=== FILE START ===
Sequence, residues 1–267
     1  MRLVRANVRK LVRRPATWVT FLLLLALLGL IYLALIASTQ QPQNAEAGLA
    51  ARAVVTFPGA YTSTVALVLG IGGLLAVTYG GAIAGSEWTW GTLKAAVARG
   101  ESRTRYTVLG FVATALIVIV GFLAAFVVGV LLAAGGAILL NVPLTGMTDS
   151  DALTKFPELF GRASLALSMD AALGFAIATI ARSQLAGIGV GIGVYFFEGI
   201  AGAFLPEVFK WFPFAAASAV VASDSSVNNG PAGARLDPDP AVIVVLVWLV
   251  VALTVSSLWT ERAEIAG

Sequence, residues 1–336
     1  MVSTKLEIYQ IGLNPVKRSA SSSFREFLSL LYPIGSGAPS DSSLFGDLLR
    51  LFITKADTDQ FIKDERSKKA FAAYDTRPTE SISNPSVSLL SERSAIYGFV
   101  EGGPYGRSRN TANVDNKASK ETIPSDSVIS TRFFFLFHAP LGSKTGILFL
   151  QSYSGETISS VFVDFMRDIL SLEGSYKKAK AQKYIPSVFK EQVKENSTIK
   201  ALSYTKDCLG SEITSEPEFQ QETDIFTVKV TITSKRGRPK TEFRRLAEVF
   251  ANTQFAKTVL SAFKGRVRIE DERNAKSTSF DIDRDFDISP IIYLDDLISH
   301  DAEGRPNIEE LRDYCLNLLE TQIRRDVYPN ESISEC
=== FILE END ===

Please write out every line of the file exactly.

Sequence, residues 1–267
     1  MRLVRANVRK LVRRPATWVT FLLLLALLGL IYLALIASTQ QPQNAEAGLA
    51  ARAVVTFPGA YTSTVALVLG IGGLLAVTYG GAIAGSEWTW GTLKAAVARG
   101  ESRTRYTVLG FVATALIVIV GFLAAFVVGV LLAAGGAILL NVPLTGMTDS
   151  DALTKFPELF GRASLALSMD AALGFAIATI ARSQLAGIGV GIGVYFFEGI
   201  AGAFLPEVFK WFPFAAASAV VASDSSVNNG PAGARLDPDP AVIVVLVWLV
   251  VALTVSSLWT ERAEIAG

Sequence, residues 1–336
     1  MVSTKLEIYQ IGLNPVKRSA SSSFREFLSL LYPIGSGAPS DSSLFGDLLR
    51  LFITKADTDQ FIKDERSKKA FAAYDTRPTE SISNPSVSLL SERSAIYGFV
   101  EGGPYGRSRN TANVDNKASK ETIPSDSVIS TRFFFLFHAP LGSKTGILFL
   151  QSYSGETISS VFVDFMRDIL SLEGSYKKAK AQKYIPSVFK EQVKENSTIK
   201  ALSYTKDCLG SEITSEPEFQ QETDIFTVKV TITSKRGRPK TEFRRLAEVF
   251  ANTQFAKTVL SAFKGRVRIE DERNAKSTSF DIDRDFDISP IIYLDDLISH
   301  DAEGRPNIEE LRDYCLNLLE TQIRRDVYPN ESISEC